Posted by: Hoarsewhisperer | Mar 13 2012 1:37 utc | 92

A quick search assures me that I'm not the only one who has put together that Lewis-Mcchord seems to be a fuckup factory.

Moreso than any other staging area, this place would seem to foster a culture of violence and dehumanisation. According to one source out of many I glanced over:

“In 10 years of war, JBLM has produced a Kill Team, suicide epidemic, denials of PTSD treatment, denials of human rights in the brig, spousal abuse and a waterboarded daughter, murders of civilians (including a park ranger), increased sex crimes, substance abuse… and much more,” GI Voice’s executive director, Jorge Gonzalez, an Iraq war veteran from Lewis-McChord, said in the statement.

“These abuses are not because of a few bad apples, but because of the base's systematic dehumanization of soldiers and civilians, both in occupied countries and at home.

“It’s surprising, but it’s no longer a shock,” Gonzalez added in an interview. “I just keep expecting, what else is going to happen out of this base?”

"What's next" is that these people will eventually be transitioned into the civilian population after their enlistments are completed. When high-profile headlines about rampages are no longer happening on foreign soil, it will justify another few turns of the screw of the apparatus of the security state, which will, in turn, give rise to an even deeper culture of violence and dehumanisation. Wash, rinse, repeat.

Posted by: Monolycus | Mar 13 2012 1:37 utc | 93

This massacre is just one more chapter in that sorry saga I've come to think of as the Rise And Fall of the Roamin' Empire.

Posted by: Hoarsewhisperer | Mar 13 2012 1:41 utc | 94

Hoarsewhisperer @ 94 -- Made me smile. Very nice word play, and very pointed.

Posted by: jawbone | Mar 13 2012 2:49 utc | 95

Its as old as war itself..first casualty of war is th truth..Americas recent wars humanitarian interventions are/were founded on lies. There are no surprises in the brutality of this...this incident..as empire and its allies fumble their exit, no doubt there will be more horrors to behold,more excuses more lies more bullshit from too many 'journalists'...and most sadly more dead innocents and humanity further degraded...finally.."The whole thing happened only some 500 yards away from the base"(b @ 69)...no surprises there either as no one listening to people screaming is becoming increasingly common both in war zones and in civilian life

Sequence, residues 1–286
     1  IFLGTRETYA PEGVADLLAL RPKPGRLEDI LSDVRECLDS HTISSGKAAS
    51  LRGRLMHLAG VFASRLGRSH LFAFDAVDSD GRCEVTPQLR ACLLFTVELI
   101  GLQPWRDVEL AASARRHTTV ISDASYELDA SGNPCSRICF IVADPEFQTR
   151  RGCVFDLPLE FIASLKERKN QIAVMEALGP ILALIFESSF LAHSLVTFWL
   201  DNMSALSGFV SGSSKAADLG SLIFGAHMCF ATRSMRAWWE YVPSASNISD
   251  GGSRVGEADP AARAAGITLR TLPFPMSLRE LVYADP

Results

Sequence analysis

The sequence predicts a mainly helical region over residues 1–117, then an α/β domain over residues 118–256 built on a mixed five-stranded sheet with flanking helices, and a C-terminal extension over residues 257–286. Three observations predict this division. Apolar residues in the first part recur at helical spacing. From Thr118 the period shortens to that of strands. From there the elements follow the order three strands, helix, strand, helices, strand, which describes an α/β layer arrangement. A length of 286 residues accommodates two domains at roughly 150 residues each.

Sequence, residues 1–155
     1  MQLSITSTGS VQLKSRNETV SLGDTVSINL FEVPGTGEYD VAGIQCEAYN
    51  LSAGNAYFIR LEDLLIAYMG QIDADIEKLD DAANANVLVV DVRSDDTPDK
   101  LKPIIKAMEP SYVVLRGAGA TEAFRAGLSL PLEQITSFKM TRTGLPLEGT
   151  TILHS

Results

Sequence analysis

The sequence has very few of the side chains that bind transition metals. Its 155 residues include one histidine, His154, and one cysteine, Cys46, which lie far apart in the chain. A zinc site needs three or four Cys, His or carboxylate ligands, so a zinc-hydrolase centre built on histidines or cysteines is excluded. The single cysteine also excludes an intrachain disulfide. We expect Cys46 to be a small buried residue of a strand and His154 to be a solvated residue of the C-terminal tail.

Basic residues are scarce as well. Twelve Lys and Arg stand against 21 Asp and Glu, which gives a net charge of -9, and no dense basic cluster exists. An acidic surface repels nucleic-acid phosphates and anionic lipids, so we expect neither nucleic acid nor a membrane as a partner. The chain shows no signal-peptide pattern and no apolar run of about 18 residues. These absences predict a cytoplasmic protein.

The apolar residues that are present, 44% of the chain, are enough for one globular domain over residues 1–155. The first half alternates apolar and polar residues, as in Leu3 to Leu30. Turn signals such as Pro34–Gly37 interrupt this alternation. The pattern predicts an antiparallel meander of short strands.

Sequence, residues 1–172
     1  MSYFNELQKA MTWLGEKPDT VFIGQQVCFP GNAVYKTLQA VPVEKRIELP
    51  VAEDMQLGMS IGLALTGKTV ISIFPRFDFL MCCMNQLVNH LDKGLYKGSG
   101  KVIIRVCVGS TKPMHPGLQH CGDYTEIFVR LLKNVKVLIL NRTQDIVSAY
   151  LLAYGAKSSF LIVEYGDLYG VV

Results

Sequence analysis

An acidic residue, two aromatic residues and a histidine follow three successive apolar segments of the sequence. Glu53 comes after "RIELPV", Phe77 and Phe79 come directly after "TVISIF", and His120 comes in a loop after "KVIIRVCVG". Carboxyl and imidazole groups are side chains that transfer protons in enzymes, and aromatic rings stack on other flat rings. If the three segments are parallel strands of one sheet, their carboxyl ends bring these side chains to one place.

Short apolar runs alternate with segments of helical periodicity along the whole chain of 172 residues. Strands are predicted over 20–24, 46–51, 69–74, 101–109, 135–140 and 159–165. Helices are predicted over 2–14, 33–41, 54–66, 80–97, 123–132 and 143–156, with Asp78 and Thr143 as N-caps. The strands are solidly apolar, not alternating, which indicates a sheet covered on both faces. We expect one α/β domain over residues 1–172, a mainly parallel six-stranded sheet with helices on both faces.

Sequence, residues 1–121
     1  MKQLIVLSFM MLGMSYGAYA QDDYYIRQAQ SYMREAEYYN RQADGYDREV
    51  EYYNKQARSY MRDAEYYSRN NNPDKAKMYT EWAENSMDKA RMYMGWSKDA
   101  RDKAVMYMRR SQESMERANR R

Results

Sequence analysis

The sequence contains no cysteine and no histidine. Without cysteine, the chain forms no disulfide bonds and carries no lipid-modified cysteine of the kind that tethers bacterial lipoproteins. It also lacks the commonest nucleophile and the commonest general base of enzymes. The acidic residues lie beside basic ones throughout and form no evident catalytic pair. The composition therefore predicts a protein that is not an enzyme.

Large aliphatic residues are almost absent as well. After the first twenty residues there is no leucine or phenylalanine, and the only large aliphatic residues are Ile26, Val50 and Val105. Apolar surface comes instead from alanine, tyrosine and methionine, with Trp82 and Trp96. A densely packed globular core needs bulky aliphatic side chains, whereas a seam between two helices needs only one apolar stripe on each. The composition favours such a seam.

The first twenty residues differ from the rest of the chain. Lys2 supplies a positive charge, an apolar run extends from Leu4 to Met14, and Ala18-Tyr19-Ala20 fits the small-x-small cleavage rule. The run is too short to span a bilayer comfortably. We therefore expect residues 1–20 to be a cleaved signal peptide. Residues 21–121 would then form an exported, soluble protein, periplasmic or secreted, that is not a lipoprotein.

Posted by: lotsofnoise | Mar 13 2012 4:05 utc | 96

the Rise And Fall of the Roamin' Empire.

Hoarsewhisperer @94

Made me smile. Very nice word play, and very pointed.

jawbone @95

yes, great title

Posted by: claudio | Mar 13 2012 6:51 utc | 97

While we all hail are army now beause they are "all volunteer" I believe we have to look at what that has created. First by eliminating the draft we have quieted student protestors but is that a good thing? You might ask yourself would we have spent the last ten years in Afghanastan if there was a draft? Would civilians called on military duty do something like this?

I believe by having an all volunteer army, mercenaries if you will, we have dumbed it down educationally and morally. As a company commander in Vietnam I know if we had not had reservists, college educated draftees and high school graduates with no criminal background their would have been a lot more events like this recent one. Call it what you will it was, to me, a failure of moral leadership. How high up the chain of command does this go? That's a good question...

Posted by: bob yeager | Mar 13 2012 7:10 utc | 98

@ 98 Good thinking, Mr. Yeager. As a Viet Vet myself I sure saw the difference in personnel; differences nuanced by needs, recruiting pressure and recruiting locations. The difference, especially toward the end of the involvement, could be strikingly obvious.

Posted by: Jake | Mar 13 2012 13:09 utc | 99

THIS US GOVERNMENT WILL KEEP DOING WHAT THEY HAVE ALWAYS DONE UNTIL THE PEOPLE PUT THEM IN THERE PLACES.......MOST PEOPLE IN THIS COUNTRY SEEM TO BE TOO SCARED/BRAINWASHED TO DO ANYTHING BUT COMPLAIN...THESE ARE SOME OF MANY THAT IS VERY WRONG,SAD...

Posted by: DONNA | Mar 13 2012 14:52 utc | 100